by Detlef Glow.
It was not surprising to witness that the European fund industry enjoyed inflows over the course of the first half of 2023. Nevertheless, these inflows occurred in an unstable market environment in which some asset classes showed positive results, while others performed negatively. The market sentiment was still driven by hopes that central banks, especially the U.S. Federal Reserve, may have reached the last phase of their fight against high inflation rates and may, therefore, start to keep interest rates at least stable quite soon. Some investors already expect that there might be room for decreasing interest rates later this year, but these expectations might be too positive given the hawkish statements from the FED and other central banks. In addition, there are still some concerns about geopolitical tensions, and the normalization of the disrupted delivery chains, even as China seems to be back on track after re-opening of the economy, Additionally, market participants are still concerns about a possible recession in the U.S. and other major economies around the globe. These fears are raised by long-term (12 month +) inverted yield curves which are seen as an early indicator for a possible recession.
That said, mutual fund promoters (-€28.6 bn) faced outflows, while ETF promoters (+€70.2 bn) enjoyed inflows over the course of the first six months of 2023. The outflows from actively managed funds were driven by outflows from mixed-assets funds (-€43.8 bn) and alternatives funds (-€26.2 bn). Within the current market environment, it is somewhat surprising that European investors didn’t buy more money market products, since the Eurozone has an inverted yield curve, which means that money market products offer a higher yield than medium or long-term bonds. More generally, long-term funds (+€35.8 bn) and money market products (+€5.9 bn) enjoyed inflows for the year so far. These flow numbers might be seen as a sign that European investors are still somewhat in a risk-on mode, as they increased their direct exposure to bonds and equities markets.
Although the headline numbers look like the first half of 2023 was business as usual for the European fund industry, the underlying fund flow trends show a different picture, as the aftermath of the LDI crisis in October 2022 drove the fund flow trends for several Lipper Global Classification, affecting the domiciles of the impacted funds. That said, the large outflows from Money Market GBP and Mixed Asset GBP Balanced classifications were driven by only eight funds.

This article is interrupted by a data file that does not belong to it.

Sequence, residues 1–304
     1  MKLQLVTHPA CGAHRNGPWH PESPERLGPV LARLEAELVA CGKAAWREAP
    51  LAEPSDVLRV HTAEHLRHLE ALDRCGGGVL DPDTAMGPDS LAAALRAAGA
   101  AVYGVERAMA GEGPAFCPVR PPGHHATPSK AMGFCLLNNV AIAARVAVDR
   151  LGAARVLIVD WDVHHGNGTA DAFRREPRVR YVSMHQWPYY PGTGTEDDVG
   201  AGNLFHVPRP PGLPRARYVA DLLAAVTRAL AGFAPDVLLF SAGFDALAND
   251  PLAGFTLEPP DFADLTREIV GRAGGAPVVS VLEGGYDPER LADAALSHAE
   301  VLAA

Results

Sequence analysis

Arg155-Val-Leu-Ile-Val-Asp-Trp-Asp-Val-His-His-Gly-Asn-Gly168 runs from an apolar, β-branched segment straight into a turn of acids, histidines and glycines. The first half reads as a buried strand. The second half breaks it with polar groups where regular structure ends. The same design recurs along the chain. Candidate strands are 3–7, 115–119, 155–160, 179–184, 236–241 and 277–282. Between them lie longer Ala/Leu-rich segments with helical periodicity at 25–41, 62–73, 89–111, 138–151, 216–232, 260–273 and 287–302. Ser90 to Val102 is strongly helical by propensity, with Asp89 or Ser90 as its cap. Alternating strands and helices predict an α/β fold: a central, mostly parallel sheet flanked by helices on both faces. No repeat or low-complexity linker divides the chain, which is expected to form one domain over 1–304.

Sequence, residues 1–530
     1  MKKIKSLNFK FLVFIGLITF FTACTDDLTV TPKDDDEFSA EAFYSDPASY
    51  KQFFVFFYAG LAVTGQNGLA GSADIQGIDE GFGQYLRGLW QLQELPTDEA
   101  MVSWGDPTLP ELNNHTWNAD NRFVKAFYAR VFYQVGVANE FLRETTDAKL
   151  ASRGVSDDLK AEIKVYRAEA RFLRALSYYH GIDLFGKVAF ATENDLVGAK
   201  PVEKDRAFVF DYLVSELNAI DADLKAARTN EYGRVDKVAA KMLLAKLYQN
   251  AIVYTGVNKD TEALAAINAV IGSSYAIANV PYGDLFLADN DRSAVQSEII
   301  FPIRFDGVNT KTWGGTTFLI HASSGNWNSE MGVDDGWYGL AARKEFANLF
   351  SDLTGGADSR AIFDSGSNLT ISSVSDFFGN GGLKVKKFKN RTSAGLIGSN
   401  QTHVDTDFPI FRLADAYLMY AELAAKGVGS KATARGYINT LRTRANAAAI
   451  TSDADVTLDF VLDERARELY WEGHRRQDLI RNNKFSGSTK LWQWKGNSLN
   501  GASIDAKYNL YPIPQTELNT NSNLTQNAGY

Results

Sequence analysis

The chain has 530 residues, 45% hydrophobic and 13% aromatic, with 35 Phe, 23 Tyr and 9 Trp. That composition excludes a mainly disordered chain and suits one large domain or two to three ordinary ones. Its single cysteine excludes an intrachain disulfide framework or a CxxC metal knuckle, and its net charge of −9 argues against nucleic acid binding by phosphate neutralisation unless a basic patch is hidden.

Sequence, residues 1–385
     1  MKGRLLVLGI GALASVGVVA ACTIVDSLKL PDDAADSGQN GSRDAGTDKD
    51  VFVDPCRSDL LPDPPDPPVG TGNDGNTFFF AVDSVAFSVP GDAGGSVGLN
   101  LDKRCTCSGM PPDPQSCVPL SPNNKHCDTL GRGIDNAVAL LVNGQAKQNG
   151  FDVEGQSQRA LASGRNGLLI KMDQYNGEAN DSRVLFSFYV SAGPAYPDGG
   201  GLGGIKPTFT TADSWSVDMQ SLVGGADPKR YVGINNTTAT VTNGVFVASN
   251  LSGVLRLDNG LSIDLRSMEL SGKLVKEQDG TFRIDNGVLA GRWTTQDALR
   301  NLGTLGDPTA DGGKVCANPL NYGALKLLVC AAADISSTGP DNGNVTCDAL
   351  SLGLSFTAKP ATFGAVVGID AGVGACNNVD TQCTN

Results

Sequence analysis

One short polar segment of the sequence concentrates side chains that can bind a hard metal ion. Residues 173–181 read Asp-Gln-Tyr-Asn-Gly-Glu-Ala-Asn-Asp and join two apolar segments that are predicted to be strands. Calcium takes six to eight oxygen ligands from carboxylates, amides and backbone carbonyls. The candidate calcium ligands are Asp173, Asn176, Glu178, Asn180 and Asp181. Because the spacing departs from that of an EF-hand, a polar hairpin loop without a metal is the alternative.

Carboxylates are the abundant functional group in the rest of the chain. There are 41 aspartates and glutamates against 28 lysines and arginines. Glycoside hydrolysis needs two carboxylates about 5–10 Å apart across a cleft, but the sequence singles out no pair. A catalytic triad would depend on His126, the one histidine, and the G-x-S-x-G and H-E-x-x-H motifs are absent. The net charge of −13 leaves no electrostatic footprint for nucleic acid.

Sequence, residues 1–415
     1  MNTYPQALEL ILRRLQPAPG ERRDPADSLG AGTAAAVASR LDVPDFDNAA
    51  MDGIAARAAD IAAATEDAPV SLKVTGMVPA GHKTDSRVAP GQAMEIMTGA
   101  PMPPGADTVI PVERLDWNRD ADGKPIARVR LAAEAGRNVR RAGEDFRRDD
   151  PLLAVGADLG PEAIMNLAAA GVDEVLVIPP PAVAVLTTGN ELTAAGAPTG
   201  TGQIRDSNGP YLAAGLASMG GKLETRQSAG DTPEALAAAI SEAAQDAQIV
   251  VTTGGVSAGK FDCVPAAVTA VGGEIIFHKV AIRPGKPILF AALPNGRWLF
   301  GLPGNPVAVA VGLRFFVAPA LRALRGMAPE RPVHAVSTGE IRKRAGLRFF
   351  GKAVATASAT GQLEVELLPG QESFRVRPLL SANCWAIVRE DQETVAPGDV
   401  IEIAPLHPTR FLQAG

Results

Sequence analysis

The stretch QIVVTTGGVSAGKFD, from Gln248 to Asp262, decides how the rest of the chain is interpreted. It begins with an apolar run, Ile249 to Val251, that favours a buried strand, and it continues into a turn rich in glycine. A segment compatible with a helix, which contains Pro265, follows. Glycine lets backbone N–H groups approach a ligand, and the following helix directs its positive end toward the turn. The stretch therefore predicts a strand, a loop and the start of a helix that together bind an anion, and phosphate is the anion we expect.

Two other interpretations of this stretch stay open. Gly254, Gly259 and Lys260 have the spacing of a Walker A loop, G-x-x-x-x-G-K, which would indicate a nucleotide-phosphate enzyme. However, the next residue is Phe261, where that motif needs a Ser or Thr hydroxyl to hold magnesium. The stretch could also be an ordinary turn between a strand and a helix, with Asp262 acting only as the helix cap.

Despite a somewhat positive market environment, the overall assets under management in the European fund industry (€14,087.6 bn) were still below their all-time year-end high (€15,266.2 bn as of December 31, 2021). Despite this, the assets under management in the European ETF industry hit a new all-time high at the end of June 2023 (€1,407.7 bn).
Graph 1: Assets Under Management in the European Fund Industry by Product Type – June 30 2023 (in bn EUR)
Source: LSEG Lipper
In more detail, equity funds (€5,877.7 bn) held the highest assets under management in the European fund industry at the end of June 2023. It was followed by bond fund (€3,115.6 bn), mixed assets funds (€2,456.9 bn), money market funds (€1,623.5 bn), alternatives funds (€577.0 bn), real estate funds (€300.3 bn), “other” funds (€73.5 bn), and commodities funds (€63.2 bn).
Graph 2: Market Share of Assets Under Management in the European Fund Industry by Asset Type – June 30 2023 (in bn EUR)
Source: LSEG Lipper
The European fund industry faced overall outflows (-€10.4 bn) over the course of June 2023, as both long-term (-€6.8 bn) and money market products (-€3.6 bn) faced outflows. In more detail, bond funds (+€18.1 bn) were the best-selling asset type overall for June 2023. The category was followed by real estate funds (+€0.1 bn), while all other asset types faced outflows. Commodities funds (-€0.5 bn), “other” funds (-€1.4 bn), money market funds (-€3.6 bn), alternative funds (-€5.4 bn), mixed-assets funds (-€8.1 bn), and equity funds (-€9.6 bn).